Under the auspices of AIM, the European Brands Association, over 85 companies and organisations from the complete packaging value chain have joined forces with the goal to assess whether a pioneering digital technology can enable better sorting and higher-quality recycling rates for packaging in the EU.

HolyGrail, which has been led by Procter and Gamble’s Gian De Belder and was announced as the overall winner of Packaging Europe’s 2019 Sustainability Awards, will now be put into practice on a much greater scale and scope. This will include the launch of an industrial pilot with the aim of proving the viability of digital watermarks technologies for more accurate sorting of packaging and higher-quality recycling, as well as the business case at large scale.

“The 3 key ingredients here are innovation, sustainability and digital, combined to achieve the objective of the Green Deal towards a clean, circular and climate neutral economy,” outlines Michelle Gibbons, director general at AIM.

“It is terrific to see such enthusiasm from across the industry and to be able to unite such expertise from the complete packaging value chain, from brand owners and retailers to converters, EPR schemes, waste management systems, recyclers, and many more. Collaboration is the way forward to achieve the EU’s circular economy goals.”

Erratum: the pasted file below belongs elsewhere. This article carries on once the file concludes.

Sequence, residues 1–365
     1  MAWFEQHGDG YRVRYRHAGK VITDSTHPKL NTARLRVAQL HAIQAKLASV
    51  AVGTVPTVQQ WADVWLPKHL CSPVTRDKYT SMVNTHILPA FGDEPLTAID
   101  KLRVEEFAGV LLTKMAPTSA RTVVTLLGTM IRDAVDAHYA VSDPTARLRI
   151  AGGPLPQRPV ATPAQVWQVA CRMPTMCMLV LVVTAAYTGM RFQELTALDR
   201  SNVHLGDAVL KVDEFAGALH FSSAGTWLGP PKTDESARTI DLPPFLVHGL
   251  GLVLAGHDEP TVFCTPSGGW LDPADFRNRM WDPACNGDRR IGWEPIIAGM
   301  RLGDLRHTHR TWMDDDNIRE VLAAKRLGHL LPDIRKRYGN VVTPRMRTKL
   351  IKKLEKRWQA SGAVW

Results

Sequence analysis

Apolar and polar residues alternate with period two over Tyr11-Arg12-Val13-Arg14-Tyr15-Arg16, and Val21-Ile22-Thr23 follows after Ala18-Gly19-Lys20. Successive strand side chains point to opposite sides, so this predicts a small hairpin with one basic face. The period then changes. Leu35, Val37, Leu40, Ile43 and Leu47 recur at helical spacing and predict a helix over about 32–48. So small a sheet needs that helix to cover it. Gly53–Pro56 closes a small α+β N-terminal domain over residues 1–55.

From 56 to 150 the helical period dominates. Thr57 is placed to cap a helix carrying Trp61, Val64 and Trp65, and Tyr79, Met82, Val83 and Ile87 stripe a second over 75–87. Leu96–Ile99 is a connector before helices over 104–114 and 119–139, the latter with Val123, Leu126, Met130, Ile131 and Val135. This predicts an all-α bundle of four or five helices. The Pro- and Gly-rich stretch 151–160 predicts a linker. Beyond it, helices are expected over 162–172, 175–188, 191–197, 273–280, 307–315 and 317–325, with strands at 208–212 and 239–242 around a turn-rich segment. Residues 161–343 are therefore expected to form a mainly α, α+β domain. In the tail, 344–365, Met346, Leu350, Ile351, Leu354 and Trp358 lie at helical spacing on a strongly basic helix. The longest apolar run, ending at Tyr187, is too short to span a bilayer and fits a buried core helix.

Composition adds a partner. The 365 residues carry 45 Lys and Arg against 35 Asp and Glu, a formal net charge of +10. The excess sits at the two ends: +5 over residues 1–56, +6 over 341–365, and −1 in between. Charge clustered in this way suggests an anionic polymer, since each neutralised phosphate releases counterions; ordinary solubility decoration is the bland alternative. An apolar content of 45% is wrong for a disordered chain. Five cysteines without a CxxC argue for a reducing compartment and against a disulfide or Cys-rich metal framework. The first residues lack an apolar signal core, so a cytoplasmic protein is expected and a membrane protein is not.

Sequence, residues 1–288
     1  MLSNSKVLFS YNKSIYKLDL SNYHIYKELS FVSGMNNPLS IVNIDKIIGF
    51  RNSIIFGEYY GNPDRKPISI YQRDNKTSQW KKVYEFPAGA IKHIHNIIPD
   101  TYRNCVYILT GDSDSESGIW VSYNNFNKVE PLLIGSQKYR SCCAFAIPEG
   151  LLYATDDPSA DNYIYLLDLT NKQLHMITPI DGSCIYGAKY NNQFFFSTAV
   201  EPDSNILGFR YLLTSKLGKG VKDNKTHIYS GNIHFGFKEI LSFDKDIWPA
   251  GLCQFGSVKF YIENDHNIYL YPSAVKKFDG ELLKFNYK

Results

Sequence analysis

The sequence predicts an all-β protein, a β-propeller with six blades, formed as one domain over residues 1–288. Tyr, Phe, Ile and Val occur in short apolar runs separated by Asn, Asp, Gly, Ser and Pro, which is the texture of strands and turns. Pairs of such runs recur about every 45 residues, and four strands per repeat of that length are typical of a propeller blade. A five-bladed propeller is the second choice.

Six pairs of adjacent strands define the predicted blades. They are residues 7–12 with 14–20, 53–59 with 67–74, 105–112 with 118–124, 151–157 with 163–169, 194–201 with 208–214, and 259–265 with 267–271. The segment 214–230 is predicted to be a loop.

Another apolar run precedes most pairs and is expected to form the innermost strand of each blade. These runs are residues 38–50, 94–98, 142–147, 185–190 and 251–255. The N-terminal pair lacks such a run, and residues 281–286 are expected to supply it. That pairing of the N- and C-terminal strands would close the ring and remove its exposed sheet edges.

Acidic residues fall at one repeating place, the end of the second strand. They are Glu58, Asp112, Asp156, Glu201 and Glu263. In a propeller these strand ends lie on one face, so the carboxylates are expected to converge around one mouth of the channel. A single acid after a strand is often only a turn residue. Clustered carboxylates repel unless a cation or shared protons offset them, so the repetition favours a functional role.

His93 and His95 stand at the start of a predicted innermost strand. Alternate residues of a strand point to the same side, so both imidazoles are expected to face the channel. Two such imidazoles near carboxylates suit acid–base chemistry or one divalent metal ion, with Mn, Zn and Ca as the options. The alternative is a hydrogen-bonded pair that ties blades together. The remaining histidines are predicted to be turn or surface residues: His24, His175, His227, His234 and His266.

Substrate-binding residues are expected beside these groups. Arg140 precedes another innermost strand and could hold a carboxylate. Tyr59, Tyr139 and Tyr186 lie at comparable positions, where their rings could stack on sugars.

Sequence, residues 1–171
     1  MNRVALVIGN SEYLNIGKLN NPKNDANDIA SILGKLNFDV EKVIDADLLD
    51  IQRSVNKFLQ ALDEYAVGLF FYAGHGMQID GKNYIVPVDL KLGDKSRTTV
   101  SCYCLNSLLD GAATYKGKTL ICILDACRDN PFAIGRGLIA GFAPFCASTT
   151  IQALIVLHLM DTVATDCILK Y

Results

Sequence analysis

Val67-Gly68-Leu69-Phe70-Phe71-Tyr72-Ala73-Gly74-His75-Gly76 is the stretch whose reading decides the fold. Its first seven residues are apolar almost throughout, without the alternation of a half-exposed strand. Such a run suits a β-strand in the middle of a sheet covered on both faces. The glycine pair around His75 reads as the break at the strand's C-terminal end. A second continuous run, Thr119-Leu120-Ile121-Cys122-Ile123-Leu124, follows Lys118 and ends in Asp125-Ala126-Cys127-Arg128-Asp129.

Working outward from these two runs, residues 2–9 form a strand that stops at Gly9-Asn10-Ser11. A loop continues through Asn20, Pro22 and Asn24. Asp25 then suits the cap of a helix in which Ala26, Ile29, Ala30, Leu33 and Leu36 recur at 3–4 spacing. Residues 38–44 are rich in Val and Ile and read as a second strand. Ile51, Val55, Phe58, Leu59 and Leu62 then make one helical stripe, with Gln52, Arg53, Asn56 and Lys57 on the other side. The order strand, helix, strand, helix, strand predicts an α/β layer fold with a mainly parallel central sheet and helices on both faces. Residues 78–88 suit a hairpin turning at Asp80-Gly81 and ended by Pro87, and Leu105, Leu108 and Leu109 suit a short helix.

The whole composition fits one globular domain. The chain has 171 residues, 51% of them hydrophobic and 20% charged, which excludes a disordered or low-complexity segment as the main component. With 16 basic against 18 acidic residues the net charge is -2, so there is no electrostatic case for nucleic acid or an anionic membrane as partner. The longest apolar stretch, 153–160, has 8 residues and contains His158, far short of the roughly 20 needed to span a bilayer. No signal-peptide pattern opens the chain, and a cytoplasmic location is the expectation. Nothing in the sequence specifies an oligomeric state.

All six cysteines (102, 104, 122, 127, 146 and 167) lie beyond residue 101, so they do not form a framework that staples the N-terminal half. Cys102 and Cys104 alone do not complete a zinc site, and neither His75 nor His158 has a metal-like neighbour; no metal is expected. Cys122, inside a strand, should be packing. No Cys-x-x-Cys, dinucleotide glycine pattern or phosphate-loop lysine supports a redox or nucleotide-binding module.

Commenting on his company's participation in the project, PepsiCo Europe's CEO, Silviu Popovici, added: “Effective sorting of waste is a barrier to wider recycling of packaging materials in Europe. This industry-wide challenge can only be resolved by working together for a system-wide solution. 

"Developing digital watermarks for packaging is a prime example of how collective action and technology can advance a circular economy. This is another step in PepsiCo's efforts to build a world where plastic need never become waste.”

Digital watermarks are imperceptible codes, the size of a postage stamp, covering the surface of a consumer goods pack. They can carry a wide range of attributes such as manufacturer, SKU, type of plastics used and composition for multilayer objects, food vs. non-food usage, etc.

The aim is that once the packaging has entered into a waste sorting facility, the digital watermark can be detected and decoded by a standard high-resolution camera on the sorting line, which then – based on the transferred attributes – is able to sort the packaging into corresponding streams.

AIM believes that this would result in better and more accurate sorting streams, and thus consequently in higher quality recyclates, benefiting the complete packaging value chain. Next to this “digital recycling passport”, digital watermarks also have the potential to be used in other areas such as consumer engagement, supply chain visibility, and retail operations.